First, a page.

Are you happy with how much you pay every month for your mobile phone contract? Well, it’s possible you’ll be less pleased very soon, with price hikes on the horizon from four major service operators.
Millions of mobile phone users are expected to be affected by anticipated price hikes to monthly phone contracts over the coming months, with rises taking place in line with the latest inflation figures.
EE has already confirmed its monthly customers will see their bills rise by 4.1 per cent from March 30th.
This means someone on a £29.99 a month contract will see their monthly bill increase by £1.22 – amounting to £14.64 over the course of a year.
O2 customers will be officially informed of a four per cent rise from Monday (February 19th), with the change taking effect from April.
Three has also confirmed its customers can expect a price hike, but has so far refused to say by how much or state a kick-in date.
Finally, Vodafone says all pay monthly contracts taken out after May 4th 2016 will be adjusted in line with the Retail Price Index (RPI).
An EE spokesperson downplayed the price rise, telling the Mirror that customers on their most popular plan will typically see an increase of just 85p a month.
What, how, why?!
Regardless of how meagre the rise may be, many will be wondering how operators can decide – seemingly on a whim – that they want more money from their customers.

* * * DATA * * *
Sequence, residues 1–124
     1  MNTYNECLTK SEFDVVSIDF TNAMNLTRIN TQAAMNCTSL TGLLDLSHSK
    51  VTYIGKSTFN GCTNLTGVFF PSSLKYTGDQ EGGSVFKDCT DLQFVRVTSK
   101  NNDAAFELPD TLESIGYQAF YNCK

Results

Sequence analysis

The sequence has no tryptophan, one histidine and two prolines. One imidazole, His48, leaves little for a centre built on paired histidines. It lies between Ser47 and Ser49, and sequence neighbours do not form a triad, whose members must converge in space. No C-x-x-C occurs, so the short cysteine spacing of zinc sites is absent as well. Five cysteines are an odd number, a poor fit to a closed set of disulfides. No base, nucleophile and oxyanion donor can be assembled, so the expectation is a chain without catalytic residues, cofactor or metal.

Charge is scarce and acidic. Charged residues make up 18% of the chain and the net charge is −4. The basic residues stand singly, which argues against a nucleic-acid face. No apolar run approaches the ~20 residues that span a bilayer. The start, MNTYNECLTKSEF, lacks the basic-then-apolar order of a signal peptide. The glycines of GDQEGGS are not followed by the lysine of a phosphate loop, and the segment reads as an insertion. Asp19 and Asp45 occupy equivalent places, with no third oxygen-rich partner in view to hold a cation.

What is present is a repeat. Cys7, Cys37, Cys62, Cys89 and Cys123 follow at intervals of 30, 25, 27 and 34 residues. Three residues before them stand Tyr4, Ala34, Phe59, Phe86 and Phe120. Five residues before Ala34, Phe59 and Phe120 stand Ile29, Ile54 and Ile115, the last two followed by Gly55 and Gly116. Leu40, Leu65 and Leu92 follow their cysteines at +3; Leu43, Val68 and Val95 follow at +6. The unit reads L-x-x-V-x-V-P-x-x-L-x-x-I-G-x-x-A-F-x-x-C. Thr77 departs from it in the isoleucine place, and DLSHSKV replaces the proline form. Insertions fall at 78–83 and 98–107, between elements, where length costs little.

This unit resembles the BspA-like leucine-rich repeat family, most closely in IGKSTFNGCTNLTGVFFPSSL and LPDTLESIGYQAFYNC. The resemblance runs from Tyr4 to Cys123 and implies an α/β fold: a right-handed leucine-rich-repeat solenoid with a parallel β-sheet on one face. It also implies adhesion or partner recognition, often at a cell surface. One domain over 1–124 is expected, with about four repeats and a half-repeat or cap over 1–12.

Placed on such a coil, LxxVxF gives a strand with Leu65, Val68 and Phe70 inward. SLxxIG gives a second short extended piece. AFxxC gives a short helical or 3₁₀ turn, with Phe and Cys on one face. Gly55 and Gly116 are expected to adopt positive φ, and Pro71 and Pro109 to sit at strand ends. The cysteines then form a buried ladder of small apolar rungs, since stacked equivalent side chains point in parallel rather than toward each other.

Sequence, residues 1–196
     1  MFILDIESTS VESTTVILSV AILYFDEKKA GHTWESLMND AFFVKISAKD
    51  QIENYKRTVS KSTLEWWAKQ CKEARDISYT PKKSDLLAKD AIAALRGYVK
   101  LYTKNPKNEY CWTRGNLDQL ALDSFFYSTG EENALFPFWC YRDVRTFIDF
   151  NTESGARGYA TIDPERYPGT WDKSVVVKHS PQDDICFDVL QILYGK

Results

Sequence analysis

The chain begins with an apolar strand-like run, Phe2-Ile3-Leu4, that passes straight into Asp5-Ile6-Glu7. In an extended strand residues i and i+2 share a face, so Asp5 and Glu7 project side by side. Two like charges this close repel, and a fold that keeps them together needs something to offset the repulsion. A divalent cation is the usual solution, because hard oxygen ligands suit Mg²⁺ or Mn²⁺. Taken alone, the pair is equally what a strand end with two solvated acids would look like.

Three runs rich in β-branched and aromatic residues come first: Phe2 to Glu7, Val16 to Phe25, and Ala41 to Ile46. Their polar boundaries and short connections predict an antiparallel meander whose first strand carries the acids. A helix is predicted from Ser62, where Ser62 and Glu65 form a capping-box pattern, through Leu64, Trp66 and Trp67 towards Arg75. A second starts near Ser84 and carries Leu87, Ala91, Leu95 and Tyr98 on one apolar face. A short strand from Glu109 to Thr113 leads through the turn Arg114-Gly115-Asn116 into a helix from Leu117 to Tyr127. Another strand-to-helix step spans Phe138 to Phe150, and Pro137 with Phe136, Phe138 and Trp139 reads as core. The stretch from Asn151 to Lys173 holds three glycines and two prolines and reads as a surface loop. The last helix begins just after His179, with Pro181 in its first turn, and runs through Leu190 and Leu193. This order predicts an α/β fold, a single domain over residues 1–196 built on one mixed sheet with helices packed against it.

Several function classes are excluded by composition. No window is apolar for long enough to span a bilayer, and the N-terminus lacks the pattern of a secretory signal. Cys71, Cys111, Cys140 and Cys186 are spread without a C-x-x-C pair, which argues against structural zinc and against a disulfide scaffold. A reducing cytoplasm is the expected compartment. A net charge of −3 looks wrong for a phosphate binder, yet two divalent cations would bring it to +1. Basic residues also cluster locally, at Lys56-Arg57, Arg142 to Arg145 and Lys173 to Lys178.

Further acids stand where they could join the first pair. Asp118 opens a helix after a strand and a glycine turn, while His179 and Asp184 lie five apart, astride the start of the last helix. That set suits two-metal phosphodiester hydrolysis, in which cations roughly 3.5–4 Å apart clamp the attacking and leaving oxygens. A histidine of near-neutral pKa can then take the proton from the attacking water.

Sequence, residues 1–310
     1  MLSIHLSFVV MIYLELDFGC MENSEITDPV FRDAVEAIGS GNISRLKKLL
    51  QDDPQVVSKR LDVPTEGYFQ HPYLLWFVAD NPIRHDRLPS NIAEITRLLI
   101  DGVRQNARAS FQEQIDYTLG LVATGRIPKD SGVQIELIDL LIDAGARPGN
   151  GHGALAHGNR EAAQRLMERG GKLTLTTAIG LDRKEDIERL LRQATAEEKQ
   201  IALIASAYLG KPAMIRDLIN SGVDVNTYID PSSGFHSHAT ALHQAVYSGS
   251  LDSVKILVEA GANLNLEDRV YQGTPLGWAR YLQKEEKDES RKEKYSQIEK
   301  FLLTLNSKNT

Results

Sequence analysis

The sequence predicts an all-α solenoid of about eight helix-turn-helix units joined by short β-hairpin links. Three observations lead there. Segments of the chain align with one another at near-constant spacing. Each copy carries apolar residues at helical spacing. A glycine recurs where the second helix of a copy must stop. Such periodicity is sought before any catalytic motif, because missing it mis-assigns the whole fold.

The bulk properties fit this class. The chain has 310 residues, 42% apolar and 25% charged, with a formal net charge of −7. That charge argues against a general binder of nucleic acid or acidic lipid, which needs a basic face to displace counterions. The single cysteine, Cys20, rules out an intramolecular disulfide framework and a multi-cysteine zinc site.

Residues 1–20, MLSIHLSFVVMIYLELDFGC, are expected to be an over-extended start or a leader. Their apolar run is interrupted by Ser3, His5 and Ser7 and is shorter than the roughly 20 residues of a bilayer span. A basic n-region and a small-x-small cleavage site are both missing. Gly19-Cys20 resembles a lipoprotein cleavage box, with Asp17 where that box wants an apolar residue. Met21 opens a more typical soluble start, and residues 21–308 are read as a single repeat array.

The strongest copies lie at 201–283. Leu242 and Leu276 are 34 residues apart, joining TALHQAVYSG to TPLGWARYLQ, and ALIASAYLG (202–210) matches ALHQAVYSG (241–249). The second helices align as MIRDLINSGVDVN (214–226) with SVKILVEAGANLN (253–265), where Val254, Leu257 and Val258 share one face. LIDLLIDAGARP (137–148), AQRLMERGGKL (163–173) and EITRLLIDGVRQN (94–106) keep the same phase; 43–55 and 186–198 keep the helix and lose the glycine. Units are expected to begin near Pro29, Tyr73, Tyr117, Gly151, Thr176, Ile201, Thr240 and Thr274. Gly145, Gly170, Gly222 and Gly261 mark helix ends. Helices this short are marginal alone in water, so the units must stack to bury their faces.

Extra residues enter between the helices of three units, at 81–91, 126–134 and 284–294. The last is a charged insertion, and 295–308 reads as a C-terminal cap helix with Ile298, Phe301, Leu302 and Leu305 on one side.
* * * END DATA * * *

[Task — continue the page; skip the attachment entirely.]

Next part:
However, telecoms firms are allowed to impose mid-contract price rises thanks to a clause in their small print that warns of potential changes in line with the RPI.
It’s something that every monthly customer will have been told about when they took out the contract, but some people just ignore it or tune out.
This is where pay-as-you-go and sim-only deals show their value because they are often contract-free and their inherent flexibility means customers don’t have to stick around.
A spokeswoman for comparison site Broadbandchoices said that committing to a contract for 24 months or longer can be hugely frustrating situation for anyone on a budget.
Cancelling your contract will almost certainly incur a penalty, to the point that you’d be better off financially sticking with your current operator.
However, if your standard monthly bill has increased by more than the Retail Price Index, and not due to tax changes, then you are entitled to cancel your mobile contract without incurring a penalty fee and head elsewhere.